Ten of the cosiest pubs to visit in the Lake District
PUBLISHED: 21:38 20 December 2013 | UPDATED: 21:45 06 April 2016
We are not short of great pubs in the Lakes but which to choose? Here are some favourites picked by the Lancashire Life team
The Masons Arms, Strawberry Bank, Cartmel Fell, near Grange-over-Sands. LA11 6NW.
The archetypal cosy country inn with the menu of a top class restaurant. Quaint surroundings and log fires make this a popular destination all year round and there are rooms if you can’t bear to leave. Excellent local brews go with delicious dinners – everything from posh fish and chips to marinated shoulder of Cartmel lamb cooked on the bone. Great views over the Lyth Valley.
The General Burgoyne, Church Road, Great Urswick, LA12 0SZ.
Recent winners in the Lancashire Life Food & Drink Awards, this pub claims to be the only UK hostelry bearing the name of the 18th century general. But it’s cosy snug and open fires make it a special stopping point in any hike with home cooked food by landlord and head chef Craig Sherrington topping the bill. Talking points include a skull in a cupboard.
The Boot Inn, Eskdale Valley, Cumbria CA19 1TG
This is where the Lake District gets a little more rugged and remote but the hamlet of Boot in Eskdale has this splendid bolt hole offering hearty food from key local producers. The pub dates back to the 17th century but i recent times it has been refurbished and sensitively renovated. The owners have retained the log fires and the prices remain sensible – a double room is as little as £50.
The Pheasant, Bassenthwaite Lake, near Cockermouth, CA13 9YE
Possessor of one of the UK’s more interesting bars. The walls are impregnated with the tar from a million pipes and cigarettes and varnished to a deep shade of burgundy. The huntsman John Peel was once a regular. Now completely smoke-free, it forms the heart of a beautiful old coaching inn offering fine dining and comfortable beds.
Drunken Duck, Barngates, near Ambleside. LA22 0NG
Legend has it the landlady in Victorian times found a group of ‘dead’ ducks and started plucking them for dinner. This was a shame because they were sleeping off the effects of a leaky beer barrel. Today, this is one of the region’s classic dining pubs with rooms. The bar has kept its cosy charm but more customers will arrive in BMWs than walking boots.
Cuckoo Brow Inn, Far Sawrey, Hawkshead, Cumbria LA22 0LQ
It has that 1920s country inn feel packed with quirky ornaments and interesting nooks and crannies. Transformed in recent times with an extensive make-over, the Cuckoo Brow will have fires lit, beer in top condition and a menu that prides itself in being mostly sourced from within a 20 mile radius – including some delicious Herwick.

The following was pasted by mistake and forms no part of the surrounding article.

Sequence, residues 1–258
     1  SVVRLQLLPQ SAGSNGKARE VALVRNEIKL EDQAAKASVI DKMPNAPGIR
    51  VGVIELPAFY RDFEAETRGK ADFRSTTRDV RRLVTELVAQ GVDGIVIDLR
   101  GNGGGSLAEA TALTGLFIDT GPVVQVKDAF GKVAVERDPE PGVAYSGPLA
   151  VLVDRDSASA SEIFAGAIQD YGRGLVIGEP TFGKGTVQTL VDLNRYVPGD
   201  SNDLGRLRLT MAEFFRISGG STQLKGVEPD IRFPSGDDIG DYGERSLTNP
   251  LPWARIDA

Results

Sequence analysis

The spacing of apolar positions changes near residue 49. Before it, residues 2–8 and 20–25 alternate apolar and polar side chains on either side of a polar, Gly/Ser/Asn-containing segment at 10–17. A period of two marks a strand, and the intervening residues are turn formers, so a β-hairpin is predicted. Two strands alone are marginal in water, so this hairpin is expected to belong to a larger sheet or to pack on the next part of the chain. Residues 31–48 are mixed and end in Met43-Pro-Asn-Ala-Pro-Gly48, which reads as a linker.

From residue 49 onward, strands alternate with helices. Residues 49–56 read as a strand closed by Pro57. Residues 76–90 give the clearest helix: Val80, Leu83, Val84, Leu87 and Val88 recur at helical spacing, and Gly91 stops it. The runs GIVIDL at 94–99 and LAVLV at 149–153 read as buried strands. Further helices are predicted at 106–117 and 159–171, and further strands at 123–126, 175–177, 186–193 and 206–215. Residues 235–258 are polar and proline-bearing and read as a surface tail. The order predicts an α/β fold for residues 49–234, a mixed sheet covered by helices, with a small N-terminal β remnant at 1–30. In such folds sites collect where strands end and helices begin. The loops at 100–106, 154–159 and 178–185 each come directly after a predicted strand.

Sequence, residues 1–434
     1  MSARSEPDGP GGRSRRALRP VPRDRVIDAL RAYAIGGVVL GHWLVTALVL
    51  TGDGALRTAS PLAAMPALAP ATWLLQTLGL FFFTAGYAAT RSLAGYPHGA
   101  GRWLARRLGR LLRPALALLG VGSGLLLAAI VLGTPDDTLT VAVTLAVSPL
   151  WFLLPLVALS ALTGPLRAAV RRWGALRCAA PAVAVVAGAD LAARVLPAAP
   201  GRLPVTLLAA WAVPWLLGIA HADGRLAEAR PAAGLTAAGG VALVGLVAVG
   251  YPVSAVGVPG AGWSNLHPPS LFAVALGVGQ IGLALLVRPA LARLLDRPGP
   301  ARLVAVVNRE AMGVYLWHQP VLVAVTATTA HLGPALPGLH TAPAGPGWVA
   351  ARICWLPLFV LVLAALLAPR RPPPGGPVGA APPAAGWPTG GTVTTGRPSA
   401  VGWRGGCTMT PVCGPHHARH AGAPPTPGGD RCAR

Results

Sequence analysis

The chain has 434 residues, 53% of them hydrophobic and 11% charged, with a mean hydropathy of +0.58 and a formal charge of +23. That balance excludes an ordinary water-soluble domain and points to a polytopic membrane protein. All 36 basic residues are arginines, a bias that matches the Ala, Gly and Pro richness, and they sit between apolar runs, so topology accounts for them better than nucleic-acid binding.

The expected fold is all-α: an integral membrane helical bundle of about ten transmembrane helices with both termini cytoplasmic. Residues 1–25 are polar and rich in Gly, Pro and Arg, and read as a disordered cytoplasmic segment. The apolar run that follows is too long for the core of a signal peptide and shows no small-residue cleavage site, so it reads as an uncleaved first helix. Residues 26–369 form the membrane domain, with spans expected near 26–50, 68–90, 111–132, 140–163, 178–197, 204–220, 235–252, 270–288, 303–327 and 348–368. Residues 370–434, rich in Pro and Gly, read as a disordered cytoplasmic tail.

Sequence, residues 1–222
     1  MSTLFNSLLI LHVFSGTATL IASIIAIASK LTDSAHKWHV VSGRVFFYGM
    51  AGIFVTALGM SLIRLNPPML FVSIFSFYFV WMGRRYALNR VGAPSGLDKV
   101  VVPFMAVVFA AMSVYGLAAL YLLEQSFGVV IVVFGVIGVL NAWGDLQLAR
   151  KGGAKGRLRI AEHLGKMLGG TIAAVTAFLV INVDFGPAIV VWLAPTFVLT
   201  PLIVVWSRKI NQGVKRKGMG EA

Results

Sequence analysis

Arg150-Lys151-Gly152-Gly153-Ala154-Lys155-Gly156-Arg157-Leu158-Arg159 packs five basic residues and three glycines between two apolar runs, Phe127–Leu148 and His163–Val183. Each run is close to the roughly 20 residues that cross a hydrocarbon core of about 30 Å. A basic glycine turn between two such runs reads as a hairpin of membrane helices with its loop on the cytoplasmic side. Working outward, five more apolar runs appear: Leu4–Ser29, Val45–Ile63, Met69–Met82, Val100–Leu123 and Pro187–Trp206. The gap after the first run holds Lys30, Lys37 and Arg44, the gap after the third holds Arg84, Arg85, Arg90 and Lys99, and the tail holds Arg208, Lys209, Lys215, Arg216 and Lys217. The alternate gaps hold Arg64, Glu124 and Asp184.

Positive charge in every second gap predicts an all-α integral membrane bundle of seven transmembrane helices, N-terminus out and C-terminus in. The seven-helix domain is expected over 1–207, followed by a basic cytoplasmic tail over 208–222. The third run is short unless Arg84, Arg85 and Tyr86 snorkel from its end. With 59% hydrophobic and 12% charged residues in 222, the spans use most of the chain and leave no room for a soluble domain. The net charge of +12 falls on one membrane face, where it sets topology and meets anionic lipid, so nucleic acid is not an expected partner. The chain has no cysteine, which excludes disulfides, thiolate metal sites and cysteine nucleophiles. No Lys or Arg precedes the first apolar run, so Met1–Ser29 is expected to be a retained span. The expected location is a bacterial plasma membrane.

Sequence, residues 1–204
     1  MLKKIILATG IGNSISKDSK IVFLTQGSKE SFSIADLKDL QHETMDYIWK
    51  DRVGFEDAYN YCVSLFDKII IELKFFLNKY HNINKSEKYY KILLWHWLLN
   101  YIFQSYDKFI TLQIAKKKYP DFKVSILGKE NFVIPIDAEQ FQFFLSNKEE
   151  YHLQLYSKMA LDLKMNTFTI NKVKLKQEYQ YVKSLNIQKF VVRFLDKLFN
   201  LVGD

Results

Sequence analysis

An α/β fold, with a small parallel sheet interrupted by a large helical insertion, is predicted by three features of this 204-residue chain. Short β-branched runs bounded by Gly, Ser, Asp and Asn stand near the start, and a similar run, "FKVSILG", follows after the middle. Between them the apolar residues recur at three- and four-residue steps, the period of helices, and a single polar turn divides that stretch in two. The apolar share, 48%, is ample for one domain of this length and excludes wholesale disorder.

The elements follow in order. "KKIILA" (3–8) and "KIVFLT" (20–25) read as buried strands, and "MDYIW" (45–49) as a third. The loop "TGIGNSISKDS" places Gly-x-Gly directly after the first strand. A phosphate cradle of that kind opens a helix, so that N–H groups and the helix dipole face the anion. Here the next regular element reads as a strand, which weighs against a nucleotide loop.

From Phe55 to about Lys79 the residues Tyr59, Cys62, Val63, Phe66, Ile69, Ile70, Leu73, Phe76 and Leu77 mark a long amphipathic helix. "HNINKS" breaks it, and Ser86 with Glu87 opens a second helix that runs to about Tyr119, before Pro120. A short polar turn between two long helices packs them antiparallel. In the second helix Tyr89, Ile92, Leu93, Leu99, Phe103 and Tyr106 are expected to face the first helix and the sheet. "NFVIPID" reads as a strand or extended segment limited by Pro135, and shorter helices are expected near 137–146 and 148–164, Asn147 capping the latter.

Brown Horse, Winster, A5074 ,near Windermere at LA23 3NR.
The Times restaurant critic Giles Coren wrote that the Brown Horse had served one the best steaks he’d ever eaten. The traditional country bar is beamed and has a roaring fire to warm you through after a walk through the pretty Winster Valley. This dining pub with rooms also has its own micro-brewery and its own farm producing much of the meat and veg.
The George and Dragon, Clifton, near Penrith. CA10 2ER
This beautifully refurbished inn is part of the Lowther estate and the restaurant uses mainly meat and vegetables they’ve produced themselves. The building is a former coaching inn and the restoration has used reclaimed stone and slate flags and the colour scheme is in keeping with its Georgian heritage. Barewood tables, soft sofas and out of the way alcoves make it a great place to stay.
Hole in t' Wall, Lowside, Bowness-on-Windermere, Windermere, LA23 3DH
So named because there was a hole through which a foaming pint could be handed to the neighbouring blacksmith. It has been in operation for more than 400 years and during that time was visited by Charles Dickens. Not for tall people with delicate skulls but a happy haven if you enjoy good beer .
The Golden Rule, Smith Brow, Ambleside. LA22 9AS.
A pub for aficionados of a warm hearth and good beer rather than those looking for fine dining – unless you count a well-pickled egg. This is an old pub up a steep bank and that means it’s often overlooked by the visiting masses. There’s no background music, no noisy games machines and no big screen television. It’s a place to sit, chat and have a pint. Cheers!